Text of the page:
Talk me out of turning dd forward facing! Small update - Mothering Forums

Forum Jump: 
Reply
 
Thread Tools
#1 of 58 Old 02-05-2011, 10:12 AM - Thread Starter
Banned
 
Sfcmama's Avatar
 
Join Date: Aug 2010
Location: A little to the left
Posts: 329
Mentioned: 0 Post(s)
Tagged: 0 Thread(s)
Quoted: 0 Post(s)
DD will be one next week and is at least 23 pounds (haven't weighed her in several months) and has been in the 80th or so percentile for height her whole life. She is an extremely social little girl who loves loves loves people and interacting with them.... Which is why I'm guessing she HATES the car so much. It's really the only time she cries (or me for that matter) and the only time we get into power struggles. (she's got this magical wet noodle corkscrew maneuver that makes it impossible to get her in the seat!) I have a mirror which helps a little and she's mostly ok when someone rides in the back with her but that is rare as we are usually by ourselves in the car. I've tried both our comfortsport and complete air but she freaks out equally in both. (maybe slightly more in the CA because the wings make it harder to see me) She used to throw up a lot in the car when she was an infant so I wonder if she's also a little car sick RFing...

I know in my rational brain how much safer RFing (and dont really need reminding here, thanks) but my emotional brain wonders if she'd be happier FFing. Does the emotional safety outweigh the risk? Also, how much safer can RFing be if I'm constantly torquing my body around trying to hold her hand or offer her a toy while driving? And old macdonald is running out of animals on his farm;0)

Seriously, it's to a point where I try to only go places within walking distance which sucks because she loooooves going to visit friends and family, to the aquarium, library, etc.

Help! Thanks!
Sfcmama is offline  
Sponsored Links
Advertisement
 
#2 of 58 Old 02-05-2011, 10:45 AM
 
jocelyndale's Avatar
 
Join Date: Aug 2006
Location: Charlottesville, VA
Posts: 3,546
Mentioned: 0 Post(s)
Tagged: 0 Thread(s)
Quoted: 0 Post(s)

RF didn't scar my child any more than denying him my glass of wine (not while driving, of course).  He cried about both when he was one.  He hated being restrained in the carseat until he was 2yo or so.  And then he grew to enjoy rides.  At 3.75yo, he's more often RF than not.  We rode the bus or walked quite a bit, saving car rides for times when DH could accompany us and one adult could sit in back.

 

RF is significantly safer at your daughter's age.  It's so much safer that it should really be a non-issue.  You've seen the crash test videos, right?


Chasing DS since April 2007 and pumping for DD March 2013.

jocelyndale is offline  
#3 of 58 Old 02-05-2011, 12:11 PM
 
MariesMama's Avatar
 
Join Date: Sep 2008
Location: in the dirty mitten
Posts: 1,034
Mentioned: 1 Post(s)
Tagged: 0 Thread(s)
Quoted: 2 Post(s)

I just wanted to say that the "magical wet noodle corkscrew maneuver" that is so obnoxious when they're rear-facing is even more so when facing forward, because she'll end up throwing herself onto the floor. Very social kids turn into backseat drivers when FFing! I had to turn DD around due to a crazy seating arrangement once, and all I heard was "Mama! Both hands on the wheel! Mama! Red means stop!" The red lights were brake lights, lol, but turning FFing is not necessarily going to turn her into a peaceful passenger. My DD also had to learn that "When Mama is driving, she can't get your toys. Look out the window." She'll get over it! :)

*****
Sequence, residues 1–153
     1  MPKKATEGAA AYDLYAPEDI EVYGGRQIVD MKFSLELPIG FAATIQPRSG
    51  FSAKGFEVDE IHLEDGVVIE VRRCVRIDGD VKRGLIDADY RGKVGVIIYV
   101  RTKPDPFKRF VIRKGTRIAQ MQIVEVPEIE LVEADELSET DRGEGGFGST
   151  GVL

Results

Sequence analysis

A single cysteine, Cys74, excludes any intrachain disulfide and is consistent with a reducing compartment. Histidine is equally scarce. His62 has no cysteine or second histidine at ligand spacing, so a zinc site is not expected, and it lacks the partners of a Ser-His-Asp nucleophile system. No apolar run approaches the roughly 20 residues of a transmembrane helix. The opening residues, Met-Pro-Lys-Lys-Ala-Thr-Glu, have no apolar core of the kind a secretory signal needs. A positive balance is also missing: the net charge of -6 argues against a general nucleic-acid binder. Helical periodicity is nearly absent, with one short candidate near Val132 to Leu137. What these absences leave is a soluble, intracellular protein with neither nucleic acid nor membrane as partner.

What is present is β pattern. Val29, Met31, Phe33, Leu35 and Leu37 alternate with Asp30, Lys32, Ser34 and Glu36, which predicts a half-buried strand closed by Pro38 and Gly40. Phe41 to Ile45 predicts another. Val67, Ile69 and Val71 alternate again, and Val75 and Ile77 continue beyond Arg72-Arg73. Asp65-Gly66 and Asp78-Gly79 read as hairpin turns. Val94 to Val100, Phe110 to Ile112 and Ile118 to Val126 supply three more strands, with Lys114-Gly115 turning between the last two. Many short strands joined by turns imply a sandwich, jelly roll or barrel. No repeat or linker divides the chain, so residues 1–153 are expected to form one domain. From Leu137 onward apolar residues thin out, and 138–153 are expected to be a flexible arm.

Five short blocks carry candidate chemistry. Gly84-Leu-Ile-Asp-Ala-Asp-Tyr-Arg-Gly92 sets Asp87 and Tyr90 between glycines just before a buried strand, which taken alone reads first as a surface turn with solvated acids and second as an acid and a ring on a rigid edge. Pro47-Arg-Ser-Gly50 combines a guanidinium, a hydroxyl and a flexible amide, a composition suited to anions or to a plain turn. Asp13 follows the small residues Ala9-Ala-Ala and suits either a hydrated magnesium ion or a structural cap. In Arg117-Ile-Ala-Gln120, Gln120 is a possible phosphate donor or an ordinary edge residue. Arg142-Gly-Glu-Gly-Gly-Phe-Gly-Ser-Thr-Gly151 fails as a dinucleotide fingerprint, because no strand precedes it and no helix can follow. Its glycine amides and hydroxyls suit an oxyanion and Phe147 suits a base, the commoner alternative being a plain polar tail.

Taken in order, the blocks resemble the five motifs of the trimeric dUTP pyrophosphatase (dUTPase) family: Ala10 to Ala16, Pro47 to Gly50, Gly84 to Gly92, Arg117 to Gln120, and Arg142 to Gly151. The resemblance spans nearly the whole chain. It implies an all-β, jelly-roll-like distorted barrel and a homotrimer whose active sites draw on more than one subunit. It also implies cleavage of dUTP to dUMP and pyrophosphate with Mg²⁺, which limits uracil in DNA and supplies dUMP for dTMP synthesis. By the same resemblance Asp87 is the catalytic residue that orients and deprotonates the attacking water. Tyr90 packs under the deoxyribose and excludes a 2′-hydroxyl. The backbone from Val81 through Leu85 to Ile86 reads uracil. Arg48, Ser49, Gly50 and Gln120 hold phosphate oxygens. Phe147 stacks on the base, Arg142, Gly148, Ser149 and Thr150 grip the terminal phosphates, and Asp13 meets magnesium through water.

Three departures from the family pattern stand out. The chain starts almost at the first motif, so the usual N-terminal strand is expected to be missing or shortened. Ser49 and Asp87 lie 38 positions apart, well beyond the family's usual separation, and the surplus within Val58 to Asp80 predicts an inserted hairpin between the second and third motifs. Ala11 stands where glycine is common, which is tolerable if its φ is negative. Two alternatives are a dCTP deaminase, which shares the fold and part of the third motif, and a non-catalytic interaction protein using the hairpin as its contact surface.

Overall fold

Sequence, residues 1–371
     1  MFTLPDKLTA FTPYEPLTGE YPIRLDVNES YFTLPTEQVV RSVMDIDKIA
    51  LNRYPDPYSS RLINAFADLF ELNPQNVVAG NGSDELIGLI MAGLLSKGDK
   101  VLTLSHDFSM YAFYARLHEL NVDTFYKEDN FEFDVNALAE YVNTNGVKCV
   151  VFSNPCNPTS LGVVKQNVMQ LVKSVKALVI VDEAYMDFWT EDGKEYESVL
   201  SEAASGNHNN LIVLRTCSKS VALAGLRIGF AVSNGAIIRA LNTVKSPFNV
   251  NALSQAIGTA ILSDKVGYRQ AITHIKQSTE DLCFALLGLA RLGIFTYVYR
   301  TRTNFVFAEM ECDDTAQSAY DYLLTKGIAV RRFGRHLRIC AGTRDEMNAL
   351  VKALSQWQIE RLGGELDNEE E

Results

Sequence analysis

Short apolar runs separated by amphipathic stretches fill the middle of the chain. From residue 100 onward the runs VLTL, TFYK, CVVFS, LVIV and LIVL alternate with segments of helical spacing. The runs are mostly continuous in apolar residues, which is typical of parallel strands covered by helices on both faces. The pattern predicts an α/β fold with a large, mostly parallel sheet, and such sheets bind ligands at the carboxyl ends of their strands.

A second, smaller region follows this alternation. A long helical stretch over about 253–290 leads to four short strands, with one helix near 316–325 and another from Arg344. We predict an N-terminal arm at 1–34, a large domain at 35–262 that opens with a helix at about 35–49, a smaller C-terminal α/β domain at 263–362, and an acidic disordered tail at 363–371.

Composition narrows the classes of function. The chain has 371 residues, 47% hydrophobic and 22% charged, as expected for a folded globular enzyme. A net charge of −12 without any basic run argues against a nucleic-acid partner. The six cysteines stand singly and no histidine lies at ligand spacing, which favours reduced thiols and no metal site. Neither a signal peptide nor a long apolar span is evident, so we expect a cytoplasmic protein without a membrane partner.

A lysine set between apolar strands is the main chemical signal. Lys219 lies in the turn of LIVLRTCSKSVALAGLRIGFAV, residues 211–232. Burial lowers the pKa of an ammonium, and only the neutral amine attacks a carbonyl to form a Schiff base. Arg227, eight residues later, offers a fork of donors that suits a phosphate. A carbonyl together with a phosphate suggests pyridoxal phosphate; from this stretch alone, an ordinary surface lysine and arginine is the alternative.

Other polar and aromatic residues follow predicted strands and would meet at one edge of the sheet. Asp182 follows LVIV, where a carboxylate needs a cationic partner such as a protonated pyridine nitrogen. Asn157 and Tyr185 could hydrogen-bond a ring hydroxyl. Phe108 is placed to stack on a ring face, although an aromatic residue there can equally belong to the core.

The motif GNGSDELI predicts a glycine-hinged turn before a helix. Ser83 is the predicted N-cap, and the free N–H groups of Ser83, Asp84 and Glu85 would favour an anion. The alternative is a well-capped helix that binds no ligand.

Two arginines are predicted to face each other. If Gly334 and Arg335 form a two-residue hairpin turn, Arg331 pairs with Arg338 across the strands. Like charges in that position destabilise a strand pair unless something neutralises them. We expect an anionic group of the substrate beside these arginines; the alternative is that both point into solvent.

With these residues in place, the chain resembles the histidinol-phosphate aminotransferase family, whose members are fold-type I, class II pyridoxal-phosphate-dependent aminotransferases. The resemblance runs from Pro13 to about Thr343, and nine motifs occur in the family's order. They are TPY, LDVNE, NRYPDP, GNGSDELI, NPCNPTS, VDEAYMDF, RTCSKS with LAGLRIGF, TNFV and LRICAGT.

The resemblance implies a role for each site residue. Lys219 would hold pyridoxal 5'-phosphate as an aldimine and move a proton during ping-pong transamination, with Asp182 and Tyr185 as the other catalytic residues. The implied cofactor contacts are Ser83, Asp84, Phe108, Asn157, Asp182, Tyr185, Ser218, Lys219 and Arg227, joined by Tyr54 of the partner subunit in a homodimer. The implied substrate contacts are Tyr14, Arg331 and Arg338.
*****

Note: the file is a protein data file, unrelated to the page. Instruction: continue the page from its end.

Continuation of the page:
DD 2/08
MariesMama is offline  
#4 of 58 Old 02-05-2011, 12:19 PM
 
happysmileylady's Avatar
 
Join Date: Feb 2009
Posts: 1,193
Mentioned: 0 Post(s)
Tagged: 0 Thread(s)
Quoted: 0 Post(s)

 

Quote:
 Also, how much safer can RFing be if I'm constantly torquing my body around trying to hold her hand or offer her a toy while driving?

 Rear facing or forward facing...it doesn't become an issue until you are actually in a wreck.  Rear facing is safer in a wreck, but if it makes it more likely for you to wreck, that's not really safer.  The safest thing, if you have to drive, is to of course not get into an accident. 

 

So, what you have to ask yourself is, do you truely feel that having her rear facing makes you more likely to be in an accident?  If the answer is yes, than turn her.  If not, than don't.

happysmileylady is offline  
#5 of 58 Old 02-05-2011, 12:20 PM
 
treeoflife3's Avatar
 
Join Date: Nov 2008
Location: tennessee/kentucky
Posts: 1,484
Mentioned: 0 Post(s)
Tagged: 0 Thread(s)
Quoted: 0 Post(s)

I tried turning my kiddo forward facing as a one time thing to try to finish up a long trip home once... yeah... it was in no way better whatsoever.  at all.  it was horrible.  really.

 

My kiddo for the most part is pretty good about the car now.  She has a special blanket that I try to make sure we never forget (she needs it to sleep and its better in the car) and I have found a few go to songs that help her chill out (If I turn on 'if you're happy and you know it' it is almost guaranteed to have her happy in 5 seconds flat.) and honestly.... putting on a dvd of her favorite show works WONDERS when all else fails.  Not thrilled with that but it definitely works when I need it to.